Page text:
Baking started as a hobby for Tammy. But, wanting to make a difference by helping one person at a time, she founded Starfish Bakery in 2021 in order to hire young adults, provide a living wage, and share some guidance about how to get ahead after high school.

She is now an empty nester and bakes regularly with Heidi Grant, a friend and fellow empty nester who has been on the Starfish team since the beginning. The pair is joined in the kitchen at Piedmont Food Processing Center in Hillsborough by two young team members. They were referred to Tammy by the Blue Ribbon Mentor program and Second Family Foundation, which is dedicated to providing youth who experience risks, including going through foster care, with as much of a middle class child’s experience as possible.

“We are in the kitchen for six to eight hours at a time,” says Tammy. “There’s an element of boredom. After a while, it gets a little quiet, which leaves room for talking about your inner thoughts and lives, and you start to get more details. We bake, talk about life’s problems, share our experiences, and try to help each other make good choices.”

Tammy, a former financial planner, often gives advice related to budgeting and banking.

“We’re doing budgeting and talking about rent,” she says. “We look at the cost of college classes. I have met the kids outside of work to sit down at the library and take a piece of paper and do a budget. Once you start seeing the budget, it is apparent why we need to do this. They cannot survive without it.”

For this reason, Tammy prioritizes paying a living wage for her employees. (The 2024 living wage is $17.65, or $16.15 with employer-provided health insurance.) “We aren’t selling things for hundreds of dollars. But we have to keep up,” she says. “Rent is costly. Going to college is costly. I am watching the numbers on the other side – the cost of gas, food. It is so helpful that [Orange County Living Wage] gives me a guide. I don’t have to do it based on experience. They are doing the legwork and the research for me.”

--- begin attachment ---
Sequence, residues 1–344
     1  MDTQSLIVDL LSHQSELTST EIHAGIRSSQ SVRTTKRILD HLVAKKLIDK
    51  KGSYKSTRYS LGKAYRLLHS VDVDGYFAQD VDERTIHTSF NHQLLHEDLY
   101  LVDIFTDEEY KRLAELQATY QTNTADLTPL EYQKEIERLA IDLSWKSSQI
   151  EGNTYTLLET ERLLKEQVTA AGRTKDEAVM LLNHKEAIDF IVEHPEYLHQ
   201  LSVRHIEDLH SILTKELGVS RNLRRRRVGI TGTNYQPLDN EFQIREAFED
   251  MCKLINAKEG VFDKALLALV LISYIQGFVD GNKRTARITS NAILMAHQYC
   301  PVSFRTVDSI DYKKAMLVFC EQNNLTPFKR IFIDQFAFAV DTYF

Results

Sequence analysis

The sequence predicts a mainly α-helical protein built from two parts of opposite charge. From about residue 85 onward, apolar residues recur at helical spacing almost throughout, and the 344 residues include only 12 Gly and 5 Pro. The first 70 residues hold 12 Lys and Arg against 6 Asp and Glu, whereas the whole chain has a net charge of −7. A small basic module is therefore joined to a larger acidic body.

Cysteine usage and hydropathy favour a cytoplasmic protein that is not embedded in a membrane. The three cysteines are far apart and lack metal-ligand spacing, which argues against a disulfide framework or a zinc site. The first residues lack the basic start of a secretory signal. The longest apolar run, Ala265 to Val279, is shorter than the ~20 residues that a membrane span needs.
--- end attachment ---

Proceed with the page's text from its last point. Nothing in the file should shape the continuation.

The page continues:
Starfish Bakery makes lemon bars, cupcakes, whoopie pies, cookies, pies, breads, and fruit pies. Their offerings can be found at Steve’s Garden Market in Hillsborough, Hillsborough Farm and Garden Stand, and the RambleRill Farm Saturday Slowdown. They also bake the cookie component of Elaka Treats’ ice cream sandwich.

Starfish also accept orders from private individuals, UNC Hospital, UNC Kenan-Flagler Business School, local realtors, and more. They deliver every Friday around Chapel Hill, Hillsborough, and Durham. On occasion, they have been commissioned to bake birthday cakes and wedding cakes.

“It’s busy, and it’s working out really well,” Tammy says. “We are getting better all the time and making our way into different venues.”

Learn more about Starfish Bakery and their offerings at starfishbakery.org.

Our thanks to 97.9 FM WCHL for spreading the word about our recently certified living wage employers. Have a listen the short clips below to learn more about these businesses and organizations – and please support them as you can!

Elysian Fields Farm

Law Offices of Amos Tyndall

Ballet School of Chapel Hill 

Transplanting Traditions Community Farm

Orange Congregations in Mission

Temporary Wall Systems 

Jury X 

Skylark Music School

Endswell Water Cremation

SKJAJA Fund

Me-Gi’s Dog Bakery

Lubbers & Sons Tree Care

Chapel Hill Day Care Center

The Cheese Shop

Emerge Pediatric Therapy 

Carolina Jewelry Appraisers

Franklin Street Yoga Center 

Walk & Wag

Carolina Advocates for Climate, Health, and Equity

The Treeist

Earth Yoga

Voices Together

Adkin CPA PLLC

Fiferum Construction 

Equiti Foods

Alliance for Historic Hillsborough

Humble Umbel Farm

Launch Labs

FRANK

Wild Flora Flowers

Neal’s Deli

Latino Community Credit Union

State Employees’ Credit Union

EarthCo Landscaping

Orange County’s newly updated 2023 living wage for hourly workers is $16.60 an hour, or $15.10 for employers who pay at least half of employees’ health insurance costs. Orange County Living Wage (OCLW) adjusts the living wage annually to keep pace with rising rents.

OCLW determines its living wage by using the widely accepted Universal Living Wage Formula based on the U.S. Department of Housing and Urban Development (HUD) standard that no more than 30% of a person’s gross income should be devoted to housing. To calculate the wage, OCLW uses the average cost of a one-bedroom apartment in a four-county area including Alamance, Chatham, Durham, and Orange counties.